Henry D. Derksen: missionary in the Belgian Congo and Quebec; born 4 February 1916 to David and Susanna (Adrian) Derksen in Fischau, Molotschna Mennonite Settlement, South Russia. He was the ninth of 11 children in the family. Henry married Helen Ewert (16 April 1917, Tschunayevka, Omsk, Asiatic Russia - 17 December 2003, Winnipeg, Manitoba) on 23 September 1947 in Manitoba. She was the daughter of Gerhard and Maria (Dick) Ewert. The couple had three sons and one daughter. Henry died on 16 June 1997 in Winnipeg, Manitoba, and the funeral was held on 21 June in the Elmwood Mennonite Brethren Church.
Growing up as the son of a minister, Henry D. Derksen was immersed in Biblical teaching from a young age. When Heinrich’s father was threatened with arrest because of his work in Fischau, the family decided to immigrate to Canada. The Derksens arrived in Canada in 1927 and settled on a farm near Boissevain, Manitoba, in 1928. Henry completed his elementary education there, and after his conversion at the age of seventeen, he went to study at the Winkler Bible Institute. His studies were interrupted by his alternative service as a conscientious objector, which he completed in Riding Mountain National Park. After he returned, he completed his studies and then continued on to the Mennonite Brethren Bible College, where he graduated with a Bachelor of Theology in 1948.
In 1947 Henry married Helen Ewert. Her family had immigrated to Mexico from Russia in 1924 and then to Manitoba in 1926. She studied at the Winnipeg Normal School, Winkler Bible Institute, and the Mennonite Brethren Bible College. In June 1949, the Mennonite Brethren Board of Foreign Missions accepted Henry and Helen as missionaries to the Belgian Congo (later Zaire and the Democratic Republic of the Congo). The couple spent a year and a half in language study in Quebec and Belgium before leaving for service in central Africa. Henry and Helen lived in six different places during their 27 years there but spent much of the time in Kafumba, where they helped to establish and run a Bible school. In addition to his teaching duties, Henry preached in the churches as often as he could.
Henry and Helen Derksen returned from Africa in 1979 and then were among seven couples who went with the Canadian Conference of Mennonite Brethren Churches' Board of Evangelism to Quebec, where they planted a church in Ste-Thérèse. Henry served there as a pastor for three years. In 1983, the Derksens moved to Winnipeg and became members of the Elmwood Mennonite Brethren Church. Henry developed Alzheimer’s disease in his later years, and he eventually moved into the Donwood Manor Personal Care Home in Winnipeg, where he died in 1997.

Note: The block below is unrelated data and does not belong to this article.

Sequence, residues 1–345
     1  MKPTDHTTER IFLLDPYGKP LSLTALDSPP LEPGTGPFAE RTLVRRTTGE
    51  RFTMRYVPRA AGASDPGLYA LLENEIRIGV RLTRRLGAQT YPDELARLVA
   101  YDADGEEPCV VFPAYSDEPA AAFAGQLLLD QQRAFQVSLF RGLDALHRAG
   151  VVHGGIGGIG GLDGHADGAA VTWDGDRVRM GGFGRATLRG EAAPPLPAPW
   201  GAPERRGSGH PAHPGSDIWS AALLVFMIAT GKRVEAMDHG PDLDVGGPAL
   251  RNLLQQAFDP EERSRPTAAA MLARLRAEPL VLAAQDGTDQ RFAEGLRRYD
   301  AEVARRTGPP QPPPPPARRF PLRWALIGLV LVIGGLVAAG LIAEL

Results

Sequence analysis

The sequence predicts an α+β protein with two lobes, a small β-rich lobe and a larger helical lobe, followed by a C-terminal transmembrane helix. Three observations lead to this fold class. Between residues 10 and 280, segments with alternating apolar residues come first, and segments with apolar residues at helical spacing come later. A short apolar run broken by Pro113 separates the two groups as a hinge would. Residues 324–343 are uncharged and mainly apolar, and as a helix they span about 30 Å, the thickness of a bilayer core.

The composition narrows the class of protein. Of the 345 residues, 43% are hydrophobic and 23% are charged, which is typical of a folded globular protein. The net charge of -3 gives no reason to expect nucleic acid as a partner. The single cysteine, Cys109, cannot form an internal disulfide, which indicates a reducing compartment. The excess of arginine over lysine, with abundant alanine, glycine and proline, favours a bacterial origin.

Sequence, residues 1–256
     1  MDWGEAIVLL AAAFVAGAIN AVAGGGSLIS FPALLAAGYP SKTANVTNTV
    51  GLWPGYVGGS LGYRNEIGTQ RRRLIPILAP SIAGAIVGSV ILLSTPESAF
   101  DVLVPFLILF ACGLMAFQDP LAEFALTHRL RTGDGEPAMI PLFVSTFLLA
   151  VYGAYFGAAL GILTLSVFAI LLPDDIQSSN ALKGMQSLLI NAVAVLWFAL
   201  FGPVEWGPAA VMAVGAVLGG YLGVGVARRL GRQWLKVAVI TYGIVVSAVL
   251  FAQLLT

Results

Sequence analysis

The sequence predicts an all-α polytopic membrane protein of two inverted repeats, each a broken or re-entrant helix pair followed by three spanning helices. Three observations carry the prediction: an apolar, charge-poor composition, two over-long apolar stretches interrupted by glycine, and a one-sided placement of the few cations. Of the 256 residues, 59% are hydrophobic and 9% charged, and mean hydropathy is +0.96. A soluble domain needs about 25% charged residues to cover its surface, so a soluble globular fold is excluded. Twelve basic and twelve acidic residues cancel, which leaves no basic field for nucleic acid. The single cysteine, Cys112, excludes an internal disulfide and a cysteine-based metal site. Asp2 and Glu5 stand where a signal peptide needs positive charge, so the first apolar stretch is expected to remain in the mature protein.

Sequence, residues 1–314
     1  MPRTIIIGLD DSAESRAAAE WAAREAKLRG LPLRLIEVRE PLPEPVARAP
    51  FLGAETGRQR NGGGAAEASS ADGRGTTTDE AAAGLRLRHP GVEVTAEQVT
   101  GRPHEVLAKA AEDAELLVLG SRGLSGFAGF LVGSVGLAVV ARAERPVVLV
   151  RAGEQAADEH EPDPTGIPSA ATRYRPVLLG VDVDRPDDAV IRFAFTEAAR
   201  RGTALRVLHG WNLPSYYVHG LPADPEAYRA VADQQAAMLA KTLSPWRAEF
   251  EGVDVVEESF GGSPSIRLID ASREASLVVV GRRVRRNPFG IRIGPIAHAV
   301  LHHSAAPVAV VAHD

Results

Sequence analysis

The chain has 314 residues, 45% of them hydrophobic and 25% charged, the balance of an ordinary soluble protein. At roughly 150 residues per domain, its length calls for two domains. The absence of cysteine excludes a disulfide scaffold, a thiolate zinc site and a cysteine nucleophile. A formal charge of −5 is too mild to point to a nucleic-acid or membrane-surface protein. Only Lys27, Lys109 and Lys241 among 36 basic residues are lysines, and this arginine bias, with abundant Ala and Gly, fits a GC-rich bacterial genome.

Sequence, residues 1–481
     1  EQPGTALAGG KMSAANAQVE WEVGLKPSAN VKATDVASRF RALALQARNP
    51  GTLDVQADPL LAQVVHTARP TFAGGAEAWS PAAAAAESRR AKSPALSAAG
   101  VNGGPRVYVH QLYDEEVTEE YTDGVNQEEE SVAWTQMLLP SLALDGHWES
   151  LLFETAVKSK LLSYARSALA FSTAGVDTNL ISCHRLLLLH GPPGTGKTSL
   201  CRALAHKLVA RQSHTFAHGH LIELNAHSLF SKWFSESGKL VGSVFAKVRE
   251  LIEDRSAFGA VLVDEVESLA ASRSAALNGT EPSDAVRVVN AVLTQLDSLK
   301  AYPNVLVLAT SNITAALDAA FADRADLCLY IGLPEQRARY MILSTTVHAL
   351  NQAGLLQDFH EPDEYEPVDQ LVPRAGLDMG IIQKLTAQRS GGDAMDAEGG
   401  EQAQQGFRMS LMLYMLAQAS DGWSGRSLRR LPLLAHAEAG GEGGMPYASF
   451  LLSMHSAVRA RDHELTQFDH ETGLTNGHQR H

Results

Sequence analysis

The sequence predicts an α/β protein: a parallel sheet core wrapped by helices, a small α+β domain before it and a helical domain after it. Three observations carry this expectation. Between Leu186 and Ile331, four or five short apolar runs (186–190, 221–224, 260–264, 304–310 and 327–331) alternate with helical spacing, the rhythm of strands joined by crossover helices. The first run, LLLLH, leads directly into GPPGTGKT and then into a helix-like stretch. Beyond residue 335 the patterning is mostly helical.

Henry and Helen Derksen were dedicated missionaries and church planters whose adaptability to the different circumstances in life allowed them to serve in many different ways. Through their work in Africa and Canada, they left an example for future generations to follow.
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Obituary. Mennonite Brethren Herald 36 (26 September 1997): 28.
Obituary. Mennonitische Rundschau 120 (Oct. 1997): 35.
Penner, Peter. No Longer at Arms Length: Mennonite Brethren Church Planting in Canada. Winnipeg, MB and Hillsboro, KS: Kindred Press, 1987: 103-104, 108, 113.
"Rev. and Mrs. H. D. Derksen." Missionary Album of Missionaries Serving Under the Board of Foreign Missions, The Mennonite Brethren Conference, Inc. Hillsboro, KS: Board of Foreign Missions of the Conference of the Mennonite Brethren Church of North America, 1954.
Toews, J. B. The Mennonite Brethren Church in Zaire. Fresno, California: Board of Christian Literature, General Conference of Mennonite Brethren Churches, 1978: 117, 136-137, 229.
 Cite This Article
Huebert, Susan. "Derksen, Henry D. (1916-1997)." Global Anabaptist Mennonite Encyclopedia Online. 2012. Web. 16 Jan 2017. http://gameo.org/index.php?title=Derksen,_Henry_D._(1916-1997)&oldid=143065.
Huebert, Susan. (2012). Derksen, Henry D. (1916-1997). Global Anabaptist Mennonite Encyclopedia Online. Retrieved 16 January 2017, from http://gameo.org/index.php?title=Derksen,_Henry_D._(1916-1997)&oldid=143065.
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